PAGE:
When writing a business plan, remember to choose an audience and objectives first. You may wish to have differing versions of the plan written for different audiences. This is a common practice.
- Importance of First Impression
- Use a Business Writing Style
- Contents Based on Target Reader
- Good Executive Summary
- Table of Contents/Page #’s
- Binding and Cover
- Executive Summary
- Confidentiality & Qualifying (non-disclosure of ideas and protect owner from being hit with a lawsuit if things go wrong)
I have an idea or two that I think would be very valuable to to a large company I used to work for or a competitor of theirs. I was thinking of either marketing the idea myslef by writing a business pla and getting investors or selling it to one of the large companies. I’m afraid of getting ripped off. I know I have to talk about the idea in both cases but how can I be sure they won’t take my idea? I might reveal too much.
Response: Many people are more paranoid about this than need be. Most reputable companies and people would rather buy the rights than risk lawsuits and big payout later. Many invstors don’t want to or can’t do the work it takes to produce and market something.
Your idea may not be as valuable as you think. A big part of business success isn’t the “big” idea or even innovation. It is usually in the execution and details: having a plan, finding a market, pricing, distribution, etc.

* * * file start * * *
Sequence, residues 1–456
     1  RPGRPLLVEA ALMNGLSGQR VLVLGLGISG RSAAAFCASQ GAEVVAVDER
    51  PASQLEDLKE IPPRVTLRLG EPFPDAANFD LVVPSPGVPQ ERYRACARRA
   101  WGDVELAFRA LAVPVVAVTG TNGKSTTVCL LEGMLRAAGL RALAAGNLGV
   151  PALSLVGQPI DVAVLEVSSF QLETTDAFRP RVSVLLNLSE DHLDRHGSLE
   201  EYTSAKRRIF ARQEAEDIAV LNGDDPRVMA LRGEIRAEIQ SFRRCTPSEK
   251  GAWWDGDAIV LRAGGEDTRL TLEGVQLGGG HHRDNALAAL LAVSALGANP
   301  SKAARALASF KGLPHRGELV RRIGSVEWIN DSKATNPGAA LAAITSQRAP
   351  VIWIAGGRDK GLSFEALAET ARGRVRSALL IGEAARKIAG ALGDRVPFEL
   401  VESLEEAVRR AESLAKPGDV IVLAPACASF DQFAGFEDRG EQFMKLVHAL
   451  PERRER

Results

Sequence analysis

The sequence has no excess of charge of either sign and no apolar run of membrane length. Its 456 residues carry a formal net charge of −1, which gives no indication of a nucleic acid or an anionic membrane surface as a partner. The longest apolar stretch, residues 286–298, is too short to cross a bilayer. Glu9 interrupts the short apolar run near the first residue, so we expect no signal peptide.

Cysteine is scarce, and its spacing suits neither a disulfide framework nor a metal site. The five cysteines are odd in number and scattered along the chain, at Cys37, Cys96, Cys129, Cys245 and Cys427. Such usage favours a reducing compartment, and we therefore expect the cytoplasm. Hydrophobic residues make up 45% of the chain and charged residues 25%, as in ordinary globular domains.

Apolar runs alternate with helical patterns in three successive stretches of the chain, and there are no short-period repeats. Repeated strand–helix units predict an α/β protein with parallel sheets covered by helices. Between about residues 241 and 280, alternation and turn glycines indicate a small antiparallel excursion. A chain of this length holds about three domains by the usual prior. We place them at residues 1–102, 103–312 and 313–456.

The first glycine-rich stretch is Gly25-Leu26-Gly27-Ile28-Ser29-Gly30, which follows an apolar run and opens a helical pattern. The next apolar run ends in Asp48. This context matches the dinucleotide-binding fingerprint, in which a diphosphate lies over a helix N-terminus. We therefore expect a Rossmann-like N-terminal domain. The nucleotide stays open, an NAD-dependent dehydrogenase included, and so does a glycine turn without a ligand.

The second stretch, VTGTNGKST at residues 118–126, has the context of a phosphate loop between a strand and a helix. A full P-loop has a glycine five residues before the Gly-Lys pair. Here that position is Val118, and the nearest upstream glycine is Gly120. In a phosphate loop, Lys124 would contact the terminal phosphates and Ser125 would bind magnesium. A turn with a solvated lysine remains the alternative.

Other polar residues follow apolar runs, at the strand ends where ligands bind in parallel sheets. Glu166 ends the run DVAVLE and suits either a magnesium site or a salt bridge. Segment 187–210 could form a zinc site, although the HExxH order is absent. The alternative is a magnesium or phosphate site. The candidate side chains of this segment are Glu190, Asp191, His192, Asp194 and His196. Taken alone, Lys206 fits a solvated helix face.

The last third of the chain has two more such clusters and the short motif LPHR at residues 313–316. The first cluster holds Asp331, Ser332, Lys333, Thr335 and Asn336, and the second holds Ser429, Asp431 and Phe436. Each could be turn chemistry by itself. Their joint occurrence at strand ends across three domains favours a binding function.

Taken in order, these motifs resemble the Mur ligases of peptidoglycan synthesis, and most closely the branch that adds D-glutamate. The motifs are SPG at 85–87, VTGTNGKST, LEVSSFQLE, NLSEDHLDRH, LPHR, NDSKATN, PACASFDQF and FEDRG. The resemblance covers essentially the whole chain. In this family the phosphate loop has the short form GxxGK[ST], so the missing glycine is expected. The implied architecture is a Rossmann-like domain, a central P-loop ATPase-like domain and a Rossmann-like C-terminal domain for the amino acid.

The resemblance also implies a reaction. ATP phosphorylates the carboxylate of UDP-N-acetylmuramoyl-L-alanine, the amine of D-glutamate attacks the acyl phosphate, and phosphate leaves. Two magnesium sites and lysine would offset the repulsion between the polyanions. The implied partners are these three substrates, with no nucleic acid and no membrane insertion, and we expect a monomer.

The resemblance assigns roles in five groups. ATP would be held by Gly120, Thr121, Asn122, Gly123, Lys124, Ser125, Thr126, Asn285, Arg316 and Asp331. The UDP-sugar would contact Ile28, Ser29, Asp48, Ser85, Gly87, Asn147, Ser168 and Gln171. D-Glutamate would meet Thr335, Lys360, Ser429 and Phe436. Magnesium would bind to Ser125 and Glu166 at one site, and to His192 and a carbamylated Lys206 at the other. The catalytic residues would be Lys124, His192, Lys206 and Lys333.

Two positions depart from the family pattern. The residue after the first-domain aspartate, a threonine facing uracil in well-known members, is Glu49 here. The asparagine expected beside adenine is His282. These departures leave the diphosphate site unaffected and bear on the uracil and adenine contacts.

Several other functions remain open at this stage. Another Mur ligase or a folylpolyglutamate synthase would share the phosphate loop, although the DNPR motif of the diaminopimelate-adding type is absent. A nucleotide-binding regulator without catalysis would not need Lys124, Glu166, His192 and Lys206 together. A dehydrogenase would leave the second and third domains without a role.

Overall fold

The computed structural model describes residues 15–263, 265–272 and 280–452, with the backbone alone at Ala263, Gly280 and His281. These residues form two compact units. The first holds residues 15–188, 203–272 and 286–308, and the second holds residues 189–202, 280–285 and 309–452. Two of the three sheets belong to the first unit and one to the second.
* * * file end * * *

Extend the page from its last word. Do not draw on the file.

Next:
Think about proposing a book idea about a witch academy or a way to sell products with high prices and very limited breadth and depth of product lines. (Harry Potter and 7-Eleven)
Protecting Your Idea
- Patent genuine inventions
- Copyright software, writings, bsuiness plans, ads, music, etc.
- Rely on a signed Non-Disclosure agreement; some companies won’t sign
- Realize that general concepts are difficult to protect and my not be unique to you or original at all
- License the idea, don’t sell it
- Expect lots of non-interest.
What do readers of business plans look for when reading. The following is a list of items that a professional reader, such as a banker, would look for:
- Who is the Start-up Team? What confidence do you have in them and why?
- What is the Product?
- What is the unique selling proposition?
- How much start-up capital is needed?
- What is the proposed source of capital?
- What is the businesses purpose or mission?
- What is the opportunity? What is the competitive advantage?
- What are the risks?
- What is the Market potential?
- Who is the typical customer?
- How will the business be marketed?
- What is the business name/brand names?
- How many employees?
- What is the expected monthly/yearly profit?